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So as my university project I am planning to make a prediction system as described in the title. My current idea is to use the age/gender classifier and run it on a video(taken in front of a shop) which outputs a csv file of the age/gender/Customer ID. In addition, I will use the existing data of the shop of who came in/who didn't come into the shop but passed by the shop and by running XGBoost on this csv data I can predict which customer will come into the shop or not.

Do you think this idea is possible? Is there any other way to implement this idea. It would also be great if we could implement this in such a way as to make the deep learning model learn the various features of those who come into the shop or not.

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    $\begingroup$ Don't you think the number of features is too less? From first look I can't see a significant correlation between the features and the classification..I maybe wrong though...Also with such a less number of features regular statistics should be enough. $\endgroup$ – DuttaA Sep 4 '18 at 10:30
  • $\begingroup$ Yup, that's exactly what I thought. Is it possible for the model to learn features(neural network) given the input video file? $\endgroup$ – Duke Glacia Sep 4 '18 at 10:44
  • $\begingroup$ I haven't worked on such computation intensive tasks like processing video so you have to ask someone else $\endgroup$ – DuttaA Sep 4 '18 at 10:55
  • $\begingroup$ I think it's hard to tell from a short video of a camera, if a customer come into the shop or not.... I guess the only way to do so is actually to see the direction where the person goes... But as @JohnDoucette said in the answer, the only way to know is to try..... $\endgroup$ – Jérémy Blain Sep 4 '18 at 12:04
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This should be possible, but it's not completely clear what you are trying to do.

If you're trying to predict customer age and gender from a video, then you've got a computer vision problem. Deep learning methods are the state of the art for this, and probably some sort of convolutional deep neural network is your friend.

If you're trying to predict whether the customer will enter the shop from their age and gender, then @DuttA suggestion to start with simple classification techniques is probably the best bet. Try out logistic regression as a starting point.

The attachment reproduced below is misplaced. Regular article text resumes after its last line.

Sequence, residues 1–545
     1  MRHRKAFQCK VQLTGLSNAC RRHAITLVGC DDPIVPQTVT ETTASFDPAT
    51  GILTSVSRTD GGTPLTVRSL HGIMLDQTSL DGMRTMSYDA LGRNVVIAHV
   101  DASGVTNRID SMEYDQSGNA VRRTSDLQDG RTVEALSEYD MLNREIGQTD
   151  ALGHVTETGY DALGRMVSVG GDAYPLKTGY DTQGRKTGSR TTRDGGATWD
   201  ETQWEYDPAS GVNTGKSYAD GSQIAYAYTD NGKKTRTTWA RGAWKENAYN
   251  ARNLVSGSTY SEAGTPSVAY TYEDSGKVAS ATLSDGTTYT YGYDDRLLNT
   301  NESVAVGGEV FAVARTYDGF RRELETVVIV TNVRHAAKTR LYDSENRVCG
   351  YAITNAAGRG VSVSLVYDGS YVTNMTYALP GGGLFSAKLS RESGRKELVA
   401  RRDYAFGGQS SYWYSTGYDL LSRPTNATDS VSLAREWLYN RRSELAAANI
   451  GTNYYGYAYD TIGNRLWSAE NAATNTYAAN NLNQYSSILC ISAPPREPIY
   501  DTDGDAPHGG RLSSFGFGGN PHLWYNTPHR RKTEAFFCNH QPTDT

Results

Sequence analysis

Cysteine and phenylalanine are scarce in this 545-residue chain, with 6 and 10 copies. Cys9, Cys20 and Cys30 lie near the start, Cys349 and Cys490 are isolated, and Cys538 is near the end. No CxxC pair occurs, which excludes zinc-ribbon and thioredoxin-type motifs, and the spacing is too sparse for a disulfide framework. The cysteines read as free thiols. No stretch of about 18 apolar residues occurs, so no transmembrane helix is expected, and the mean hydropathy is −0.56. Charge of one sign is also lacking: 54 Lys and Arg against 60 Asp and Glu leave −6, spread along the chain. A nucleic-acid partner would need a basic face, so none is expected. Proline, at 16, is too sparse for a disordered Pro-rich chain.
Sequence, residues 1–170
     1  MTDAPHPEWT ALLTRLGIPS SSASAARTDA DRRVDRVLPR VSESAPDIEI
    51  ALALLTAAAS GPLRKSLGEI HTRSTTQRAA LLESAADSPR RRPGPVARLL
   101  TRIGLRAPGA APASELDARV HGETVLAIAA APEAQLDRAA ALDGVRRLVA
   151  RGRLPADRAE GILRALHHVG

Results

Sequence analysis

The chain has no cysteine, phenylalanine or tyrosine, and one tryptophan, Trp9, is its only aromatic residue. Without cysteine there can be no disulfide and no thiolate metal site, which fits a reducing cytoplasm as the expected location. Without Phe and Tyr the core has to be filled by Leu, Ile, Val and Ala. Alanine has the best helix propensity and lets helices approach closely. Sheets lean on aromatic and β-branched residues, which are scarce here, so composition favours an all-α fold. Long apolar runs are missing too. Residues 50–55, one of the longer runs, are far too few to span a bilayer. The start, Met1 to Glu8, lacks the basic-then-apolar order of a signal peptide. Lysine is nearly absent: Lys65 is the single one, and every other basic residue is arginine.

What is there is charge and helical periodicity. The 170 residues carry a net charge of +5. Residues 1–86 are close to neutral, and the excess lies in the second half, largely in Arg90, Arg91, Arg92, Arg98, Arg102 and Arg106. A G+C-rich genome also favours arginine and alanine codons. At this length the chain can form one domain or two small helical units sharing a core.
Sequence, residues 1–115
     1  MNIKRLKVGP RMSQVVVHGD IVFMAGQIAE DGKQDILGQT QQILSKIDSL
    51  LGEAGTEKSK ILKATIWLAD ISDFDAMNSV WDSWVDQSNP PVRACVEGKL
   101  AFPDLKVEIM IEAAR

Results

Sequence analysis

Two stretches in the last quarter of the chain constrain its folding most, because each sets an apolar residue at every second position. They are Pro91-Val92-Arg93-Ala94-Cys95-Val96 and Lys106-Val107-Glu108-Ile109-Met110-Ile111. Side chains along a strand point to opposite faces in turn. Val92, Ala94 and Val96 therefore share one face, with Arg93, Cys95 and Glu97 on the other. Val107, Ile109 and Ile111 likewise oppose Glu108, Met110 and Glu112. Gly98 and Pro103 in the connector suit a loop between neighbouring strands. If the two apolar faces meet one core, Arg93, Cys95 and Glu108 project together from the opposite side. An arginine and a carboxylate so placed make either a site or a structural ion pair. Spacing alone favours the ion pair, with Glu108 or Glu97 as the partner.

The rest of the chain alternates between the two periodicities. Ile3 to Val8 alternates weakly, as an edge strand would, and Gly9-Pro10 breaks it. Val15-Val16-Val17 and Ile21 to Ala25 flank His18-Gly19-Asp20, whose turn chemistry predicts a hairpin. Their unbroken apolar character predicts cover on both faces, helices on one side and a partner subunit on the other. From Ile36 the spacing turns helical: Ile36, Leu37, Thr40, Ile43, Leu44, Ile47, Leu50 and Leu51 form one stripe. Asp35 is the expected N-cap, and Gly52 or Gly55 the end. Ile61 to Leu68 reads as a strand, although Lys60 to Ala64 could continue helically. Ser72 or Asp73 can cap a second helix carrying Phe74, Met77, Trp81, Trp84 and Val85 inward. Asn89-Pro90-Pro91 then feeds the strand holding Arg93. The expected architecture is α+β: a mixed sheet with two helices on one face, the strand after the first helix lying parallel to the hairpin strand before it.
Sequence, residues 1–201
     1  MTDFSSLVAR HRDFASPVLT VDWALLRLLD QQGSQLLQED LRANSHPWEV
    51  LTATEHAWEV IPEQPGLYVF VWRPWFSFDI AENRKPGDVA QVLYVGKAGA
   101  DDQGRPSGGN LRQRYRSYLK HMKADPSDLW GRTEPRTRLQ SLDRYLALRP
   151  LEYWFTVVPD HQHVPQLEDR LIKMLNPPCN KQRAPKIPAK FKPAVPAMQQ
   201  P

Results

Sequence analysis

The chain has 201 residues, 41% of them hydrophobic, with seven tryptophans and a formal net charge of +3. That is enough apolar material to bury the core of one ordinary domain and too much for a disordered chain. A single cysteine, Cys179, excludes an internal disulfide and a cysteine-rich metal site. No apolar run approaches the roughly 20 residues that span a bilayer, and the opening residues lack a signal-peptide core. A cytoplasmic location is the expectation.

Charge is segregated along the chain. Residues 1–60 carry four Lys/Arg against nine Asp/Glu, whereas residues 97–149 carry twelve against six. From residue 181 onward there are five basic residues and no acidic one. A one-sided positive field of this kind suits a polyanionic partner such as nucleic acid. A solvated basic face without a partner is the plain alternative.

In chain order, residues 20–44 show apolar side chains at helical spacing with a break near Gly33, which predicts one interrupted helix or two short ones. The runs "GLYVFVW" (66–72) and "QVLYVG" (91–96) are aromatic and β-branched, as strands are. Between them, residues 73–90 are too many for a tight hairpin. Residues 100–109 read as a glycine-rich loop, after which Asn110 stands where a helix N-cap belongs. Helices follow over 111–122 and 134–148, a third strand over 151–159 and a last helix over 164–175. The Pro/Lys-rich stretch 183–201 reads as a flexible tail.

If you really want to do both of these things at once, you can again try out a deep convolutional neural network.

All that said, it's not completely clear that there is signal in the videos you want to collect: it might be that predicting whether they'll enter the shop is not really possible on the basis of a short video. The only way to know for sure is to give it a try however.

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  • $\begingroup$ Thank you very much for your answer. If I were to use CNN to complete both the tasks at once, do I still need to annotate the features(age,gender,etc)? To be clear what I aim to do is to identify the customer features and predict whether they come into the shop or not in one go(The third option you mentioned). I am also planning to train the model to classify a new type of images(such as company worker, housewives,etc). $\endgroup$ – Duke Glacia Sep 5 '18 at 2:33
  • $\begingroup$ @DukeGlacia If you annotate with features that are actually predictive, then your model should learn faster. If you annotate with features that are not predictive, it might actually slow things down though. $\endgroup$ – John Doucette Sep 5 '18 at 11:07
  • $\begingroup$ This might be a very dumb question but why did it take a long time to achieve a facial recognition system of reasonable accuracy? Isn't it sufficient to feed the data with lots of images? I'm starting to think my project may face the same type of problem. i.e too many features to learn but very fewer data. $\endgroup$ – Duke Glacia Sep 5 '18 at 11:29
  • $\begingroup$ @DukeGlacia it take a very large number of images, and a very large amount of computational time. If you don't have a pretty large number of images (at least many thousands), then this probably won't work. $\endgroup$ – John Doucette Sep 5 '18 at 11:36
  • $\begingroup$ Thanks a lot. Additionally, given that my I have sufficient data. Is it possible to detect the object from a video file and output(the customer data) as a csv file? $\endgroup$ – Duke Glacia Sep 5 '18 at 11:41

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